As with so many things, the Baby Boomer generation changed all that, asking questions, requesting alternative methods and seeking second opinions for confirmation of a diagnosis or treatment. But their parents often still subscribe to the old school methods, creating frustration for Boomers who are caring for aging parents and managing their quality of life.
If you have assumed the management of your parents’ health care, when making an appointment with their health care professional, inform the provider that you are your parent’s caregiver and will be attending the appointment. Ask them to ensure that adequate time is scheduled for questions, concerns and clarification of any instructions, if necessary.
Ask questions firmly but respectfully, making it clear that your role is not to be a nuisance but a partner in your parents’ health and well-being.
Tips for a better doctor-patient-adult child-caregiver relationship:
- Write down questions or concerns before you visit. Better yet, if you have a pressing concern, let the office know when you schedule the appointment.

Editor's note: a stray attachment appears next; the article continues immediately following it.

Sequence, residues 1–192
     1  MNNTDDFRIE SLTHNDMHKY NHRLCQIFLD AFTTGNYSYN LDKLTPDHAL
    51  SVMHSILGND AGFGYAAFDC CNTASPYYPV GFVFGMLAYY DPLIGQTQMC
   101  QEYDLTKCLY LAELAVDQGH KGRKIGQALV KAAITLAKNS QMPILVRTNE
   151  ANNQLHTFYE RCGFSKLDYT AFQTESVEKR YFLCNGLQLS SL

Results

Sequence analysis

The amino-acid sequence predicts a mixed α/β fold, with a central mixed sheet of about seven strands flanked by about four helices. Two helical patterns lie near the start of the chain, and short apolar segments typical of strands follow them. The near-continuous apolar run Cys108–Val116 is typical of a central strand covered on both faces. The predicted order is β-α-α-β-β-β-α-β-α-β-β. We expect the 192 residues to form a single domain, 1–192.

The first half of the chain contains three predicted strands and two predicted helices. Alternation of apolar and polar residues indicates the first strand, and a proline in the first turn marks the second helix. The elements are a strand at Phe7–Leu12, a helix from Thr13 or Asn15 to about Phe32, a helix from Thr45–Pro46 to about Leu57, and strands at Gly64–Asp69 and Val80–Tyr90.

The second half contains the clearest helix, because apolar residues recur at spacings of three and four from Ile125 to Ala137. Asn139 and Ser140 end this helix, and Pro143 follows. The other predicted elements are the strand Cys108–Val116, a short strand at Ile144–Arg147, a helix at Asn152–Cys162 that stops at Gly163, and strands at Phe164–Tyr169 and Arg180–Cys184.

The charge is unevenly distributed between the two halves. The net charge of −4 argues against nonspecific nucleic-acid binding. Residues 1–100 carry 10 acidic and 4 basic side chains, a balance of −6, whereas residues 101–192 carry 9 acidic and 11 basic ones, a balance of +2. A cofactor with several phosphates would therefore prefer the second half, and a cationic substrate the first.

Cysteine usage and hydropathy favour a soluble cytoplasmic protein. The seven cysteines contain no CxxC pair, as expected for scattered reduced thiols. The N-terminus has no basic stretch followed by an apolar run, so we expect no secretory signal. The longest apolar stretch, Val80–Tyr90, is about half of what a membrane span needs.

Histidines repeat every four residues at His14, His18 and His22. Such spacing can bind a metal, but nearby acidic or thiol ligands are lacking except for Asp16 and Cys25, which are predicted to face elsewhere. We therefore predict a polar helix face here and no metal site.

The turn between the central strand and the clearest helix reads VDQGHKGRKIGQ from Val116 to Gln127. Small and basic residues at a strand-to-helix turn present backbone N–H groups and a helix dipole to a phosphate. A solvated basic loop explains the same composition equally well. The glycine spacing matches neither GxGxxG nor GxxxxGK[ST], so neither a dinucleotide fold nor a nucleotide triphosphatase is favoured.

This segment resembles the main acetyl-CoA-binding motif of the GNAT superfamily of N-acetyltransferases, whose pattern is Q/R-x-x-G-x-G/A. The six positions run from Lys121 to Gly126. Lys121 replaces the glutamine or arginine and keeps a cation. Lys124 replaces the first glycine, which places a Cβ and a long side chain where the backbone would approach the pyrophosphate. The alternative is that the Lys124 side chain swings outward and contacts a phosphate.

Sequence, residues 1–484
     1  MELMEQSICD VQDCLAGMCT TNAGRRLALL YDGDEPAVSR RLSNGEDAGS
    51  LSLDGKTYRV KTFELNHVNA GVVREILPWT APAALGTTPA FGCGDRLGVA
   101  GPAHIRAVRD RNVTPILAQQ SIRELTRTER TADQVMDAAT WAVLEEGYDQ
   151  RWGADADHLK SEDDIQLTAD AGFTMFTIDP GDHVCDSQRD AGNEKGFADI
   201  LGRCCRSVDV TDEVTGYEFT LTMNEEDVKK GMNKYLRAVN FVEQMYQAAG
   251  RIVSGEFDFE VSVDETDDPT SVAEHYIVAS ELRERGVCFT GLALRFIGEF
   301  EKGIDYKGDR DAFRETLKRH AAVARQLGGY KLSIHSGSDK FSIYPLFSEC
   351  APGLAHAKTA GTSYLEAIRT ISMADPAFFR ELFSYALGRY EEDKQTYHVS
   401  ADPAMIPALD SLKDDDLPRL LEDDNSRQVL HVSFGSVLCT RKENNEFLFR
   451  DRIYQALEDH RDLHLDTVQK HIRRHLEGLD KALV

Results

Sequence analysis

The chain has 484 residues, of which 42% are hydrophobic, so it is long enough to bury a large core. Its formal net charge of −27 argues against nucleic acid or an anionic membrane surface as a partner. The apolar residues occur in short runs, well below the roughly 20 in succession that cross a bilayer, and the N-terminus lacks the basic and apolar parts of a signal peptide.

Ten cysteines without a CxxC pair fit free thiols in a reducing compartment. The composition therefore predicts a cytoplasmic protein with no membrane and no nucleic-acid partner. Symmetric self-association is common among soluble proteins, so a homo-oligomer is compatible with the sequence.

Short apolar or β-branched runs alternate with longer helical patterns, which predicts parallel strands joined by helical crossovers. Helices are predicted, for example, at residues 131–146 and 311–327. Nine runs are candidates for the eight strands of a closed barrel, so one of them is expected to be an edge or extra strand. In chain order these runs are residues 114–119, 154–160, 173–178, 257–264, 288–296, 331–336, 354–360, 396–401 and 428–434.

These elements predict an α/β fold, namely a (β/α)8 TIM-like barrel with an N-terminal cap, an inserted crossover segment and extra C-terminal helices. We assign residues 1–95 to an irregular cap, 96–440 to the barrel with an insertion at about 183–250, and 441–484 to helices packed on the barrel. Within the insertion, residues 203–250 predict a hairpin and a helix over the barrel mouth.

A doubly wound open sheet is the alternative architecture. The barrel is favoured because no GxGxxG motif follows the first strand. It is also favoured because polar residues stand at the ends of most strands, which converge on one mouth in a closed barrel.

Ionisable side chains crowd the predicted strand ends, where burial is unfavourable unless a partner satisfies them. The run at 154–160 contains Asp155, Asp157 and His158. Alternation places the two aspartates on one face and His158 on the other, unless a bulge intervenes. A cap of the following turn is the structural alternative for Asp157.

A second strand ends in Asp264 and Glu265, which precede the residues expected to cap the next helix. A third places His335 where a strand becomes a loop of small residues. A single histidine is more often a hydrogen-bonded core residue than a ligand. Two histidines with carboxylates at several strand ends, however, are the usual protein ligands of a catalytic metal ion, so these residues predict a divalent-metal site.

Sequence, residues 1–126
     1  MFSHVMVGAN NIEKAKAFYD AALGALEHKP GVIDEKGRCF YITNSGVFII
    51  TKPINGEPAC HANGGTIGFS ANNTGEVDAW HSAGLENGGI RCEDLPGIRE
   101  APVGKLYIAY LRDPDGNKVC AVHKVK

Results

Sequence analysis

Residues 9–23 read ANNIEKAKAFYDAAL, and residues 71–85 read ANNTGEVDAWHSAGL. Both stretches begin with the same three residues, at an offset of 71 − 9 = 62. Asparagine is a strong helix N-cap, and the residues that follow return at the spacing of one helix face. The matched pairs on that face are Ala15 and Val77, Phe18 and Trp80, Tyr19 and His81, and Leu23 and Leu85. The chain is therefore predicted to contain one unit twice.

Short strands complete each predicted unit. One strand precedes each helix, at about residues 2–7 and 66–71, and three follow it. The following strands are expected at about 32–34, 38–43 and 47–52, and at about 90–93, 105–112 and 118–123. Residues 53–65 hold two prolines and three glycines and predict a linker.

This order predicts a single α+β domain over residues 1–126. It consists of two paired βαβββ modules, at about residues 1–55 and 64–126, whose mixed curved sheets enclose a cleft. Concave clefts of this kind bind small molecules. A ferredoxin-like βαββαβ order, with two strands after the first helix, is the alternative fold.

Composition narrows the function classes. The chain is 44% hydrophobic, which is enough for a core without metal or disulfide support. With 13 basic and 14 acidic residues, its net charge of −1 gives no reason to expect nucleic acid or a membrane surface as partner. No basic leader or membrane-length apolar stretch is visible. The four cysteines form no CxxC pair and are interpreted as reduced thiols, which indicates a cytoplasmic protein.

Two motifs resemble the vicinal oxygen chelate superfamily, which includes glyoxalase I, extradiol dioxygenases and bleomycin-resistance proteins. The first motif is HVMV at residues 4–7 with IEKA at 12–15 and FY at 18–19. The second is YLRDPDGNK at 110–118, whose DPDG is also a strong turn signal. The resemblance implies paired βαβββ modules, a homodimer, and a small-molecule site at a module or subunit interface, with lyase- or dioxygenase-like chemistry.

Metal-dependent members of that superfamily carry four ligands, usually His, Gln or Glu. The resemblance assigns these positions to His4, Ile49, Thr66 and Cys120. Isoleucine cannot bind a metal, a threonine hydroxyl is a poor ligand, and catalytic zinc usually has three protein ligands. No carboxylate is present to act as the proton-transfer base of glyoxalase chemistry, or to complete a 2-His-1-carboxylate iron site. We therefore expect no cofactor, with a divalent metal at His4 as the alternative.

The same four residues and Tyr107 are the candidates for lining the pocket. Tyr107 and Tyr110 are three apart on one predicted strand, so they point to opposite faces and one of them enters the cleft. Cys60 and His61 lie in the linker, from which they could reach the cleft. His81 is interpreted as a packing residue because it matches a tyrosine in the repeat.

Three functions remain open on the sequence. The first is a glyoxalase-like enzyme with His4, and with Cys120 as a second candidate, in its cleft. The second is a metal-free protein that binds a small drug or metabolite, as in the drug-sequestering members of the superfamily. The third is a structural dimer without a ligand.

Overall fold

- Carry copies of your parents’ insurance and appropriate legal paperwork with you, and make sure the provider has these on file. The doctor may not speak to you about sensitive health concerns unless you have been legally designated in your parents’ health care directives.
- Ask for a copy of medical tests and results, medications, and any treatment guidelines.
- Let the doctor know about any allergies, sensitivities or adverse reactions you have noticed in regard to medications, foods, even latex gloves. Also, inform the doctor about any sudden changes in your parents’ habits, mood or diet.
- Ask for estimated time frames in regard to test results, expected response to treatments, etc., and let the doctor know if these are not met.
- If you are to administer medications or assist with other medically necessary tasks, ask the doctor for clarification if necessary, and be sure to request a list of possible side-effects.
- Don’t hesitate to call the office if you have a question, concern or notice an unexpected reaction or change in your parents’ condition.
Although you have your parents’ best interest at heart, assume that their doctor does as well.
Medical professionals are busy – but so are you, as you manage your career, children and aging parents. If your parents’ doctor is too busy for questions, or seems bothered by your involvement in their care, it may be time to look for a new care provider.